Sidney Finkelstein vs Marshall McLuhan

Out of the mothballs:

This is ancient history, and quaint from the vantage point of today’s high tech media saturated environment. But the path from the past to the present is instructive. Finkelstein is referenced in all of the critiques of McLuhan’s work, which is noteworthy given that his book was published under the auspices of the Communist Party. In 1968, the television industry was 20 years old, and the impact of the medium was just beginning to be understood.

I always considered McLuhan a fraud. I first read this book in the 1970s, before the subcultures of that era were destroyed and their innovations fully commodified and processed into the hegemonic culture. I may be forgetting some predecessors, but I take McLuhan to be, fittingly, as the first truly pop intellectual. By this I do not mean a public intellectual, or a journalist or amateur writing a serious popular work on social phenomena, but a pop intellectual with all the hucksterism that suggests, whose very work is mimetic in duplicating and embodying the very commodity logic and ideological opacity of the phenomenon it purports to characterize.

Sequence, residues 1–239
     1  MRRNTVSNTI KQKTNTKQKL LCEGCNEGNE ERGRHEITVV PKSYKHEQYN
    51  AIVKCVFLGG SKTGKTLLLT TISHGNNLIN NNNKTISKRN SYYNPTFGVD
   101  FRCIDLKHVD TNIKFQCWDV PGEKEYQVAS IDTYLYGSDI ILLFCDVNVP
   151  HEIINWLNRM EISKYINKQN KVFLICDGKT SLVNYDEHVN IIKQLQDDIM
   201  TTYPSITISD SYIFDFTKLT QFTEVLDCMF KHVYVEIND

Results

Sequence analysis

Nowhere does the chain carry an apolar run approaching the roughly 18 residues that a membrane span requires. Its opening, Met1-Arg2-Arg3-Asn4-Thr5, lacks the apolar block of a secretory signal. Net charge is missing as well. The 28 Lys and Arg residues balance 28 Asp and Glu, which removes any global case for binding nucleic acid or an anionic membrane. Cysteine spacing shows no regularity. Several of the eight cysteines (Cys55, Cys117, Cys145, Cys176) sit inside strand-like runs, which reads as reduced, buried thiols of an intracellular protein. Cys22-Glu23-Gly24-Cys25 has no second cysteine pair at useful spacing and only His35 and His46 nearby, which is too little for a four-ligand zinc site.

Finkelstein is no Marcuse or Adorno; he doesn’t address the incorporation of popular subjectivity into the culture industry. Being a product of an earlier age and of working class militancy of that era, he doesn’t believe that the masses have been fully absorbed into the make-believe world that McLuhan consecrates. He is an old-fashioned product of the humanistic culture he defends, though he is not a philistine that Communist parties tend to generate. Finkelstein’s 1948 Jazz, A People’s Music, was fairly influential, and he wrote an intelligent book on alienation in American literature as an indictment of American society.

Not perfect, but I am in accord with his general outlook. Nobody could have dreamed what American culture would look like in 2014–and luckily for them, these folks didn’t live to have to see it. We have different fish to fry now. but again, the comparison of then and now helps to yield perspective.